The term “spacey” in reference to music has taken an interesting journey over the past 50 years. Originally associated with lounge easy-listening music, it evoked a feeling “contemplative spaciousness”. When rock bands started to associate with it in the 60’s it became more of a psychedelic feel while riding the cosmic boom of the space race. Late 80’s British bands started to revive it, evolving it to be a more ambient form of melodic pop. Now we have “Krautrock” and “Dream Pop” to categorize bands, but what does “spacey” mean today? Reading, UK’s Tripwires are attempting to bring that spacey feeling of “contemplative spaciousness” into their rock music with their debut album “Spacehopper Master”, and while it may not feel as classically “spacey” they certainly put in a good effort to contemplate their spaciousness.
Tripwires brand of “spacey” seems to come straight from the 90’s “British Invasion” influence. They cite Talk Talk as an inspiration, but you can probably throw a bit of Radiohead, Placebo, and even Bush in there. “Spacehopper Master” starts off with a title track of sorts which begins with a quiet ambience, before slowly adding layers of drums and guitars until it reaches a climactic apex. A simple and effective beginning that only needs 3 minutes to establish a grounding for the Tripwires. “Plasetecene” follows in what is probably the best track on the album, but it’s also the sound that will send you time travelling back to 90’s rock albums. It might have a lot to do with one of the gimmicky guitar effects that compromises the main hook of the song, here though the effect works great to give it some playfulness before it builds to a heavy Muse like crescendo, although I’m not sure why they spelled the title the way they did. “Feedback Loop” continues with a variation on that guitar effect (having the songs back-to-back I’m guessing would work great for live sets), it’s a more contemplative song but it still utilizes the build-to-a-crescendo that they’ve utilized in the previous songs which is still working for them. When “Shimmer” deviates from the pattern and starts off with some punch, you notice how the vocals are much more subtle than the 90’s Brit Bands that the sound is derived from, and exemplifies their shoegaze tendencies. “Love Me Sinister” sees them continuing with that guitar effect, but here the mood is “spacier”, and marks a transition to the second half of the album which will see the pace slowed. On the slower tracks like “Paint” and “Under the Gelatine”, the band starts to slip into a very 90’s basic-chord rock song mode which really doesn’t see the band at its best. “Catherine” and “Wisdom Teeth” change things slightly by altering back to the 90’s Brit Rock with a slow Travis like feeling. You can tell the band is taking influence from a variety of sources, while these tracks work better than the previous two, you kind of wish they would bring back some of the “spacey” bombasity the album started with, even if it just hinted at it. “Tinfoil Skin” does bring some of the energy back, this time letting a bass line drive the track that sees maybe a Dandy Warhols influence. “Slo Mo” is exactly that, a crawl of a song with basic chords that unfortunately brings the album to a weak close.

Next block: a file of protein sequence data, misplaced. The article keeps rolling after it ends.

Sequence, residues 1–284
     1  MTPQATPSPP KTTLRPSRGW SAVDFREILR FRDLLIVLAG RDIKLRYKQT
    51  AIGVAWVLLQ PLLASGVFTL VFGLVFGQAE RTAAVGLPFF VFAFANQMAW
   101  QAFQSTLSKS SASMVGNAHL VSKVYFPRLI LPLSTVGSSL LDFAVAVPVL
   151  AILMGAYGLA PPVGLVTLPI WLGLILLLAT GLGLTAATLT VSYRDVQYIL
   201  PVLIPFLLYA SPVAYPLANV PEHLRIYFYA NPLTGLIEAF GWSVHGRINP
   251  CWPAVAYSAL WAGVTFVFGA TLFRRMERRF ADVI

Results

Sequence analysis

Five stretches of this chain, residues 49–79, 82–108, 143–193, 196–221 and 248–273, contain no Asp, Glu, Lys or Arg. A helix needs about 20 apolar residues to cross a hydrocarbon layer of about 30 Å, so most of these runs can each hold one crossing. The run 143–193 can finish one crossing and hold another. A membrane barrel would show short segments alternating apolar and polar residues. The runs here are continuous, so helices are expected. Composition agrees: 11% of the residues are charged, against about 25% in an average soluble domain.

I wonder if there’ll ever be a time when “spacey” music will actually refer to things astronomically related. Perhaps it’s just a sign of our times, where we are apt to look inward more than to the outside universe. It’s a trend that you can see in a band like Tripwires, who seem to have some good ideas, and have taken some inspired first steps, but the inventiveness is lacking on these ideas that have been hashed and rehashed before. The young lads from Reading will most definitely gain some new fans that are fresh to this sound, but they’ll need to point their inspiration telescopes to the heavens to sustain successful future album missions.
– Michael Unger